Irish Timber

The warbled sound of Kesha’s voice singing, “It’s goin’ down/I’m yellin’ timber” wafts from the interior of one of those quintessentially generic Irish pubs one might find anywhere in the city. They’re not necessarily on “every corner,” but all one need do is walk slightly down the street to encounter an O’ or Mc-something or other’s sandwiched between, well, not much of anything. The proprietors somehow manage to reserve an entire block to themselves and yet also not be fully visible from the corner. Not saying Irish mafia shit, but… 

Kevin had never much taken a shine to his very distant Irish heritage. The thing about distant Irish heritage, however, is that it’s never shakable in last name format. Even if you were a lass, eventually you’d find yourself tied to an Irish bloke and take on his Hiberian moniker. The Irish can’t help themselves when it comes to falling for other Irish people. It’s like some innate, prehistoric need to keep the species bountiful. Kevin’s sister, Kennedy, swore she would never marry an Irishman. That her primary goal in life was to find someone with an Italian last name and take that on instead, thereby shirking what she called her “gross” culture. But lo and behold, before she could corroborate that Enzo who, appropriately, lived near the Place d’Italie, had a correlating Italian last name, she had already fallen in love with him. Or at least, already fallen in love with his huge uncut dick. When she found out his last name (O’Donnell) one month and three pregnancy tests later, the chips had fallen where they would. 

O’Donnell!” she exclaimed in disbelief when he told her. “I thought it was the same as the shop where your dad works—Visconti.”

Enzo laughed when she said this. “Visconti is the name of the man my father works for. Sure, my dad’s name is Pasquale, but he’s got an Irish father. Whose last name is—”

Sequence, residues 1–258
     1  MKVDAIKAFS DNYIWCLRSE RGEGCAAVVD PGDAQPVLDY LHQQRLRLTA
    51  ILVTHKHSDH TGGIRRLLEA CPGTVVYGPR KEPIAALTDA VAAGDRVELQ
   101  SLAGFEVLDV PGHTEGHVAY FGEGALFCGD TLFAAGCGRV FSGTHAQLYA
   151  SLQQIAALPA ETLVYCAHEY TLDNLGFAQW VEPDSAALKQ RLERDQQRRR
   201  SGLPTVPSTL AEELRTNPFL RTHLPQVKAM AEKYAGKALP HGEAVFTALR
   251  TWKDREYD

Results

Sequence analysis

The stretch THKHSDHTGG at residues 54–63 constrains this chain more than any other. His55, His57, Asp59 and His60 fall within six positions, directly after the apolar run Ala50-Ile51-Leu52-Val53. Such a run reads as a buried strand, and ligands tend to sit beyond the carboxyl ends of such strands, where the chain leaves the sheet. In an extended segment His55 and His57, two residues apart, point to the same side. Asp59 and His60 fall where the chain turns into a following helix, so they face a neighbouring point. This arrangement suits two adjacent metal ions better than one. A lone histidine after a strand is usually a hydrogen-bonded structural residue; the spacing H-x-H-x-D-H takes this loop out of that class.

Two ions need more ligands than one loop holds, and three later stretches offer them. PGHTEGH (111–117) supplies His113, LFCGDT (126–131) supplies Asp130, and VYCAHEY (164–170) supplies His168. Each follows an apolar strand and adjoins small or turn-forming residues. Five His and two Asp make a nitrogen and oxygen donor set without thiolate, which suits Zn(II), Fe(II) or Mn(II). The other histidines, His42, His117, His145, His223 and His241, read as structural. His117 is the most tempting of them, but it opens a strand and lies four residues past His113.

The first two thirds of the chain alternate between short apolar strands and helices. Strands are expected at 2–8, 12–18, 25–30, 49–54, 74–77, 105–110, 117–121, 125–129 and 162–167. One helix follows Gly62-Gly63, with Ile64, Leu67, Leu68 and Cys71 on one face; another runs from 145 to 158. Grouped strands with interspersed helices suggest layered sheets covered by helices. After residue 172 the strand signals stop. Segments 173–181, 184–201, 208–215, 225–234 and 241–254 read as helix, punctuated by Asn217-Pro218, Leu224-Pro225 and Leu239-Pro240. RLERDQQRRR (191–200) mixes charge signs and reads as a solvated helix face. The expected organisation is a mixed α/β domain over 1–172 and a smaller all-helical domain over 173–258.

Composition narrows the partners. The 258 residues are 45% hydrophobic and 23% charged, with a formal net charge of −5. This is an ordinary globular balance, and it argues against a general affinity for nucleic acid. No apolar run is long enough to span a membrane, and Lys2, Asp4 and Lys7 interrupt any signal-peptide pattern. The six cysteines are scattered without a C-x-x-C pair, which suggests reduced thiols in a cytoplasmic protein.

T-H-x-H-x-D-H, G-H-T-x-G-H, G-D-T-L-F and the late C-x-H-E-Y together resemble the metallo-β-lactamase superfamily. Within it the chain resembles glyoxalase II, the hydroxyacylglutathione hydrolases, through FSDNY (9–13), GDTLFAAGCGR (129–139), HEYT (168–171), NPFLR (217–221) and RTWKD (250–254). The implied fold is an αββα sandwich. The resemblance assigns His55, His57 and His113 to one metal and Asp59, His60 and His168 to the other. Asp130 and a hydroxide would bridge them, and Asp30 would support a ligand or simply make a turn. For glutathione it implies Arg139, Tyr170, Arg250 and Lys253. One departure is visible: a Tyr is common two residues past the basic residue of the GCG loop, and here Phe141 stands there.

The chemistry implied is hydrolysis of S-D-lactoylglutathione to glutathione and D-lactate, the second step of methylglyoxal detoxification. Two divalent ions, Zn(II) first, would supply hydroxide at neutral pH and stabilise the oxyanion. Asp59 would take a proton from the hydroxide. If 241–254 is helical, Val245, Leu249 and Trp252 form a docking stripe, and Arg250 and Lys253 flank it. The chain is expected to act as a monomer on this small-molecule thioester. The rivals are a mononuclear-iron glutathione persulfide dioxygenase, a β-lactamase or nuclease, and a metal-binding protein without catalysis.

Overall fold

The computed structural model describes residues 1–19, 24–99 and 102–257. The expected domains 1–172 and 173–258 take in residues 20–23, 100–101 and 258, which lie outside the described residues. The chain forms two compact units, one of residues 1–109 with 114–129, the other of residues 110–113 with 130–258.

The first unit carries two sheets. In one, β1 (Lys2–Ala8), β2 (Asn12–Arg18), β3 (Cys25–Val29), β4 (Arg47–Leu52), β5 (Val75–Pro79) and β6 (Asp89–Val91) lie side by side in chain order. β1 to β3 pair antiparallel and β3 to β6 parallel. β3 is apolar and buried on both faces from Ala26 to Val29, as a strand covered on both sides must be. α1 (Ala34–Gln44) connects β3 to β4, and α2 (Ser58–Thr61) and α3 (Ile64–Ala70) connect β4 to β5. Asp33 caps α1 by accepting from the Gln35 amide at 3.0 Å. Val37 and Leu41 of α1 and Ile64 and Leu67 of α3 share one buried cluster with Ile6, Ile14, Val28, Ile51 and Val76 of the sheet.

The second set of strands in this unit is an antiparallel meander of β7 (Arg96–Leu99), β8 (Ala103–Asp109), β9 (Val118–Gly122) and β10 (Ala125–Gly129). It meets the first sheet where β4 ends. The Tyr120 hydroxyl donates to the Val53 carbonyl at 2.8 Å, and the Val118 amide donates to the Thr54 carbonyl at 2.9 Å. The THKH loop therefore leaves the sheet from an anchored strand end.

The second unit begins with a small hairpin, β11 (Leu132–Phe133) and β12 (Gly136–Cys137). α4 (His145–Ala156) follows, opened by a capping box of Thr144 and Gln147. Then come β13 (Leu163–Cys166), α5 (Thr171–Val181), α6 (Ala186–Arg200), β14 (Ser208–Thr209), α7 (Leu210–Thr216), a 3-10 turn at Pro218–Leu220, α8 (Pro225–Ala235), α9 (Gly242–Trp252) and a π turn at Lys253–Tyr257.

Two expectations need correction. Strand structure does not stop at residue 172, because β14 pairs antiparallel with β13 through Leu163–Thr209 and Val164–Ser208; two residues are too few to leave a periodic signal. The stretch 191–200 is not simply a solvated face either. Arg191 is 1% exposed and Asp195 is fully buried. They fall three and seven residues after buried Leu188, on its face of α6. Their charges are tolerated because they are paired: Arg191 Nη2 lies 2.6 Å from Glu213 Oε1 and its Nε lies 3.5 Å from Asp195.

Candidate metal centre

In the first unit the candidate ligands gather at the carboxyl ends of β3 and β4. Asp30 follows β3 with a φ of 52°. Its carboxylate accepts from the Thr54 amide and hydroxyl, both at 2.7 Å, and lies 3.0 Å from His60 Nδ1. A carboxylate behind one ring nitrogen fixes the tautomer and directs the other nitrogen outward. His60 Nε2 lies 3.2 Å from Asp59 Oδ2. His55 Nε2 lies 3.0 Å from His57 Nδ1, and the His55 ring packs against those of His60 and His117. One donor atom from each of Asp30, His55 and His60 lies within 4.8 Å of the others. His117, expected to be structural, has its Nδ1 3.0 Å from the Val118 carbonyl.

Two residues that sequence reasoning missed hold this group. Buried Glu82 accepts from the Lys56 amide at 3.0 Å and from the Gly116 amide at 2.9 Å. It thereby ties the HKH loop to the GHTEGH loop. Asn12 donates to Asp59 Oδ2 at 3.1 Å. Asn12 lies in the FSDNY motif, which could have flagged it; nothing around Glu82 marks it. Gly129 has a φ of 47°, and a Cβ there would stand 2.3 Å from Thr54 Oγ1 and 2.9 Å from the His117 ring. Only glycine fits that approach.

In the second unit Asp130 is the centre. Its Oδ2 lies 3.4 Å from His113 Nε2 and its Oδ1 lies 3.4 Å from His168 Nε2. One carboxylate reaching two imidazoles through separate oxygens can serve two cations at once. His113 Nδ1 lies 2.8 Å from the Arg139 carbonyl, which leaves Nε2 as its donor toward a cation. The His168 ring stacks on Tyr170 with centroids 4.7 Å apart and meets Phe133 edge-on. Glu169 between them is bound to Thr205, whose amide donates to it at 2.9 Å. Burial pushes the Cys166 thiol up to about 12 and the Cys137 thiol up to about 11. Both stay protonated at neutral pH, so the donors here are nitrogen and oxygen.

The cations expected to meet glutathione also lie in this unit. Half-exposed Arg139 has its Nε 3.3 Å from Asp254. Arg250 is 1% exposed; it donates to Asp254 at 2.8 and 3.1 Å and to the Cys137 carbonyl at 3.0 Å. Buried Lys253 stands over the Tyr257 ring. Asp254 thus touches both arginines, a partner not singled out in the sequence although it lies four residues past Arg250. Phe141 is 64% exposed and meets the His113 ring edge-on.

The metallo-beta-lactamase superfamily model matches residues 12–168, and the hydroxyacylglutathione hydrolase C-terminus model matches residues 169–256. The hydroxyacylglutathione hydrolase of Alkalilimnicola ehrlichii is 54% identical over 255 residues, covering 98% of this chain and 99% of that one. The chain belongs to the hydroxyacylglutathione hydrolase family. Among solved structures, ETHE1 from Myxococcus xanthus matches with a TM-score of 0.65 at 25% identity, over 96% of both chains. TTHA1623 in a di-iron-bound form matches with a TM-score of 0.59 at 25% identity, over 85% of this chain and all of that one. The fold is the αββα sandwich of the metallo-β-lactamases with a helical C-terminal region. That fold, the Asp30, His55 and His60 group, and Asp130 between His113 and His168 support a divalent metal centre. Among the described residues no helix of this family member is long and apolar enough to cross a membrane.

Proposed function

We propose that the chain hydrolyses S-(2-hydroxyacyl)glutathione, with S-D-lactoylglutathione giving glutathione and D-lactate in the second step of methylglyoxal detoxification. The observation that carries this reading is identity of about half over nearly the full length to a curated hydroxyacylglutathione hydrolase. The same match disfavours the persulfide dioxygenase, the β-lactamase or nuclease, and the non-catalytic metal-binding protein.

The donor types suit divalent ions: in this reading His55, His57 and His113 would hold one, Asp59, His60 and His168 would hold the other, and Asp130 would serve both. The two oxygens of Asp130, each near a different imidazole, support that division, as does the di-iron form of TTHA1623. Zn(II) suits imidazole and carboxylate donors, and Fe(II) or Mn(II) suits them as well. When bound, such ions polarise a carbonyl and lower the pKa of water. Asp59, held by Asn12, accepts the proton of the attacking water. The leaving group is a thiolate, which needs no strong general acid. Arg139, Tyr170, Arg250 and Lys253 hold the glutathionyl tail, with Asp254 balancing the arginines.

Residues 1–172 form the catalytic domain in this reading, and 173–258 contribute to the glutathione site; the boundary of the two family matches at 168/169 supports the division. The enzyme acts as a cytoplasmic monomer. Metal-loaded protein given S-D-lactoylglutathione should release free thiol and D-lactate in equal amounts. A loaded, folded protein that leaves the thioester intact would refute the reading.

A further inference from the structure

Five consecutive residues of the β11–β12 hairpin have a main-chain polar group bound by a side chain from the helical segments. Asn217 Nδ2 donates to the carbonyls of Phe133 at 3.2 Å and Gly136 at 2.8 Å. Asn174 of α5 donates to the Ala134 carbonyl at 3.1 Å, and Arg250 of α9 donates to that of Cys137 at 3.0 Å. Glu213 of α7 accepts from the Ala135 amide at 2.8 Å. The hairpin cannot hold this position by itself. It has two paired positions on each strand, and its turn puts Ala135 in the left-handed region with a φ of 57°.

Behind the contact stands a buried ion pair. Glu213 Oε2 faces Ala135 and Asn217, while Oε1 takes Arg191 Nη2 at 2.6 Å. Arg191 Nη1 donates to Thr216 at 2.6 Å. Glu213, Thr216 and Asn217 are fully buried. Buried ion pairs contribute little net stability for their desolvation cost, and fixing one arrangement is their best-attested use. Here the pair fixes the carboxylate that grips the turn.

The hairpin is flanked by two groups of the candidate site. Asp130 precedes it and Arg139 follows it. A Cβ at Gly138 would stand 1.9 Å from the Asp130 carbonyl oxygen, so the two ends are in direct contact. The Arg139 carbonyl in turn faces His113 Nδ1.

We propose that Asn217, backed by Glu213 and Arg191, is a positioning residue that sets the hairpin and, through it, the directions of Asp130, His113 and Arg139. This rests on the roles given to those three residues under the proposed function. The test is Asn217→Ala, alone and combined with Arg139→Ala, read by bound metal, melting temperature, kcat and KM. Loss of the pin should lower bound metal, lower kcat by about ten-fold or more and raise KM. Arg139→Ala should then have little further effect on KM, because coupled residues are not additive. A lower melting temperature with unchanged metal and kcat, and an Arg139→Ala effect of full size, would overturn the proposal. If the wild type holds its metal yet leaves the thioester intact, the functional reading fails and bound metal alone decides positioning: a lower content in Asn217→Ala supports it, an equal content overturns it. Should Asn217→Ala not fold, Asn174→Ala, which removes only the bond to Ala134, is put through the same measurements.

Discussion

“Yeah, yeah. I got it. O’Donnell.”

“What’s the problem? It’s me you love, not my name.” 

“Ah Christ, next you’re gonna come at me with some ‘what’s in a name?’ bullshit.”

He arched his brow in vague acquiescence. “Well, what is in a name?”

“Only centuries of being treated lesser than.”

Enzo balked. “And you think Italians have been treated like fuckin’ royalty?” 

“Compared to the Irish, hell yeah.”

This continued to escalate into a larger argument between the two about which European immigrant race was treated with more disdain in the U.S., despite neither of them having ever lived there, with Kennedy coming at Enzo with her usual line about how the Irish were treated the same as Black people. At which point Kennedy’s Black friend, Melissa, walked into the room and said, “I know I don’t want to end our friendship so maybe you wanna shut the fuck up.” And that’s what finally ended the tiff about Enzo’s Irish last name. 


Kennedy McRae became Kennedy O’Donnell before the year’s end, and Kevin was happy to attend the wedding with what he thought was his own serious girlfriend. Her name was Kayleigh (there was something about K names in his life), and they had met, of all places, at the Louvre, among a cluster of statues. Although the contract she had with her job was set to expire in a few months, their relationship kept her from leaving. She decided to seek employment with a different company, for the sake of keeping things going with Kevin. Although that might have put a lot of pressure and stress on most men (especially of the Irish persuasion), Kevin was relieved that she was taking such a serious step. It made him feel quite secure in his decision to bring Kayleigh to Kennedy’s wedding as his plus one. 

Of course, he couldn’t have known that the real reason she was obliged to attend was to seize the opportunity to secret away with Kevin’s brother, Killian. Four years his senior, Killian had evidently taken an excessive liking to Kayleigh at a family dinner a few months back, and the two had been orbiting one another’s genitals ever since. In all their wisdom, they believed everyone would be too distracted to notice that they had both gone missing for quite a considerable length of time as Kennedy, pregnant belly and all, danced the night away to pop hits of every decade, lovingly played by DJ Shillelagh (a.k.a. Evan), who was obviously far more interested in announcing his traces of Irish heritage than Kevin and Kennedy.